The driver brought him back home, where he immediately collapsed and was put in an ambulance headed for the ER. He had emergency surgery in which around 15 blood clots were removed from his lungs and heart (if you have the stomach for it, you can see the actual clots on his Instagram).

The recovery, he says, has been rough. After eight days in the hospital, he started exercising almost immediately, but post-surgery, his workouts were much different than what he had been used to. “I started working out as soon as I got home, but it was like going to sit in a chair instead of the bed, or getting up and standing up five times and then going to lay down again.” By week four of his recovery, he was back in the gym, taking it slowly. Now, he’s back teaching a full schedule of classes at SoulCycle studios around New York City.

Lesson learned: It’s all about slow progress

“Start off slow, and set a goal” says Logan. “One of my goals was to do five squats, so I did five. Then when I felt good, I’d increase that to seven and then 10, and on and on––it’s all about slow progress.”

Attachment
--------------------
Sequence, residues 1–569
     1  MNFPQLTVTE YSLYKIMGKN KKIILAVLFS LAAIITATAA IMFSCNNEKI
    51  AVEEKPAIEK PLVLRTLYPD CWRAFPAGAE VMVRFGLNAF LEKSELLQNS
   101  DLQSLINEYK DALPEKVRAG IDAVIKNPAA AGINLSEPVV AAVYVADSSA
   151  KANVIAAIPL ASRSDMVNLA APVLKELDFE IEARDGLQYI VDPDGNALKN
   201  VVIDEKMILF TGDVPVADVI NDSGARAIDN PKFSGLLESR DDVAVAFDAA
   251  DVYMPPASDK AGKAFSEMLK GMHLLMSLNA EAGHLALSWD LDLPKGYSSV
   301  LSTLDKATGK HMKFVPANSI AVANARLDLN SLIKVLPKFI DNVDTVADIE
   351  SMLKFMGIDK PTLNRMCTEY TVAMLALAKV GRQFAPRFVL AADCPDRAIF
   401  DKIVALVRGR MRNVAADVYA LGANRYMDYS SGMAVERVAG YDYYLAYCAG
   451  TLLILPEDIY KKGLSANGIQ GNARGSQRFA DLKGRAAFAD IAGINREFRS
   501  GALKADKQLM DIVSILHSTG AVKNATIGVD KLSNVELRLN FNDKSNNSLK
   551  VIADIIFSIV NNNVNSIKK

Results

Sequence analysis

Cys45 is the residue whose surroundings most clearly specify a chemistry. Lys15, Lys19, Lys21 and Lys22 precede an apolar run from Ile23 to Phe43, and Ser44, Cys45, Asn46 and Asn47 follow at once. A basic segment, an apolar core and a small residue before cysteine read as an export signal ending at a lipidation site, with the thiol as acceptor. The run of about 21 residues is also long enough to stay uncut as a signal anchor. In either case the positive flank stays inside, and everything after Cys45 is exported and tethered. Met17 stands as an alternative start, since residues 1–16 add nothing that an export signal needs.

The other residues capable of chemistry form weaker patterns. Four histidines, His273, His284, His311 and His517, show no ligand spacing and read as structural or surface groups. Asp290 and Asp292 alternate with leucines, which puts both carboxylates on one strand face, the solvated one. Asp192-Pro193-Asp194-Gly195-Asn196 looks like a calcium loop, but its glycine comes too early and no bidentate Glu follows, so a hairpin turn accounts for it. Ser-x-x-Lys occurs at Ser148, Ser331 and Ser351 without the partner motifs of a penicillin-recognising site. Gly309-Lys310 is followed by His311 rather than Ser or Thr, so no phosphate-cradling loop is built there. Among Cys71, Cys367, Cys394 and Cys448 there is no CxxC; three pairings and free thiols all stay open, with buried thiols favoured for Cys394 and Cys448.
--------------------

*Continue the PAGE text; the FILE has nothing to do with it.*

Lesson learned: Take care of yourself in advance

“They told me that the only reason I was alive is because I’m so fit and I really took care of my body,” Logan says. “It’s why my body was still pumping and operating and was strong enough to fight for the amount of time that it did. It was an unfortunate series of events, but because I did what I did prior to this, I’m very lucky to be here. It’s even more of a reason for us to take care of our bodies, so that we can give our bodies a fighting chance.”

(Photo: Trammell’s surgeon attends his SoulCycle class, via Instagram/@m3ll212)